Just as in the exodus from slavery in Egypt, the Lord will bring the exiles back from slavery in Babylon in a new exodus. When they came to Mount Sinai at the beginning of their pilgrimage to the Promised Land, God made them his chosen nation, “You shall be my treasured possession among all peoples, for all the earth is mine; and you shall be to me a kingdom of priests and a holy nation” (Exod 19:5-6). They will then live under God’s abundant blessings and prosperity in their own land (Deut 30:5; Ezek 36:29).

They will enjoy the fulfillment of God’s covenant promise to their father Abraham, “to be God to you and to your offspring after you” (Gen 17:7), and to Israel forever,

I will be your God, and you shall be my people” (Lev 26:12).

But sin marred this relationship between God and his people. They did not obey his voice and keep his covenant.

Therefore, God restored his covenant relationship with his people by sending his Son, the Word of God, to dwell among his people (John 1:14). Now Paul confirms that you, the church, is God’s temple, his people, and he is their God:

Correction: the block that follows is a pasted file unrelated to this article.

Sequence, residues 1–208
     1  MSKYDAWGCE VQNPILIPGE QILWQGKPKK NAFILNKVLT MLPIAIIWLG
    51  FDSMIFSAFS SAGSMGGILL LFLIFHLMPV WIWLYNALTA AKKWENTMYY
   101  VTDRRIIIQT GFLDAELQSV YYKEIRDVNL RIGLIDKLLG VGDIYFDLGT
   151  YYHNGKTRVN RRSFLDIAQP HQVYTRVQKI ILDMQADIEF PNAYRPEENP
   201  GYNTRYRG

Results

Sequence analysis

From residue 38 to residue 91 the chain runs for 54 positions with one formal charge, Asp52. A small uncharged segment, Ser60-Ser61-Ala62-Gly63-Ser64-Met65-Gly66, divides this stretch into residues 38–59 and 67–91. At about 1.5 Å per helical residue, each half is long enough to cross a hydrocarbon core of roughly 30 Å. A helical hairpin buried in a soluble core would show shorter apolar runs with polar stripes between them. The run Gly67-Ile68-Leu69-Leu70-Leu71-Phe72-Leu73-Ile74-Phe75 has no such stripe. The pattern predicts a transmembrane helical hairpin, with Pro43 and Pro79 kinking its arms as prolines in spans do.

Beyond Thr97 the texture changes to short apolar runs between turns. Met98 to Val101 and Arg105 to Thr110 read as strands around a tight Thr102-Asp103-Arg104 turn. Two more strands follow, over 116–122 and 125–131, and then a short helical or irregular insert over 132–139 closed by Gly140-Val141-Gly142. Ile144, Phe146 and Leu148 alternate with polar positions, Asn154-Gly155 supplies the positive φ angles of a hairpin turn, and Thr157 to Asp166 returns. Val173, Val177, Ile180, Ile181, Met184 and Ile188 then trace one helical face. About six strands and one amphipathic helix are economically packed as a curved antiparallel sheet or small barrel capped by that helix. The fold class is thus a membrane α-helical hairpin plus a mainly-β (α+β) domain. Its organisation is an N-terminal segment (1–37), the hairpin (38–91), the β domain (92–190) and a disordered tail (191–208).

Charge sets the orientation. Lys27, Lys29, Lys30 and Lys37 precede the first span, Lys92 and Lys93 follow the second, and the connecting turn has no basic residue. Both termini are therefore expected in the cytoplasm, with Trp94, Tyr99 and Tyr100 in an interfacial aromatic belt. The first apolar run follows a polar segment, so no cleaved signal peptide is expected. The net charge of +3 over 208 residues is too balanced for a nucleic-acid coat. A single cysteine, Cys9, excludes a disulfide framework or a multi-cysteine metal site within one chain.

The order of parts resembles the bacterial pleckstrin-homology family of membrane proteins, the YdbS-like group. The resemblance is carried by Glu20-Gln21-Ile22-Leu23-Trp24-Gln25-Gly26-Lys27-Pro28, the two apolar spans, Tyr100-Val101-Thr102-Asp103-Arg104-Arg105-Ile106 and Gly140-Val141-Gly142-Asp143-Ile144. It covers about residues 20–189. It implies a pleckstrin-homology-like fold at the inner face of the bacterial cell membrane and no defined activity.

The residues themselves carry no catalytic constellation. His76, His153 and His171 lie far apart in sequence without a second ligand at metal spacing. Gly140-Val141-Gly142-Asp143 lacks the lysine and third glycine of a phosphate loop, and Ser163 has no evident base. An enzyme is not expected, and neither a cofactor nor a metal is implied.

For we are the temple of the living God; as God said,
I will make my dwelling among them and walk among them,
and I will be their God,
and they shall be my people” (2 Cor 6:16).

Through Christ, the church—not Israel—is now God’s people. This is why Peter refers to the church as the fulfillment of God’s covenant with Israel at Mount Sinai: “But you are a chosen race, a royal priesthood, a holy nation, a people for his own possession… now you are God’s people” (1 Pet 2:9-10). All you who believe in Christ—Jew or Gentile, slave or free, man or woman—are Abraham’s children. And if you are Abraham’s children, you are heirs of God’s promises to Abraham (Gal 3:28-29).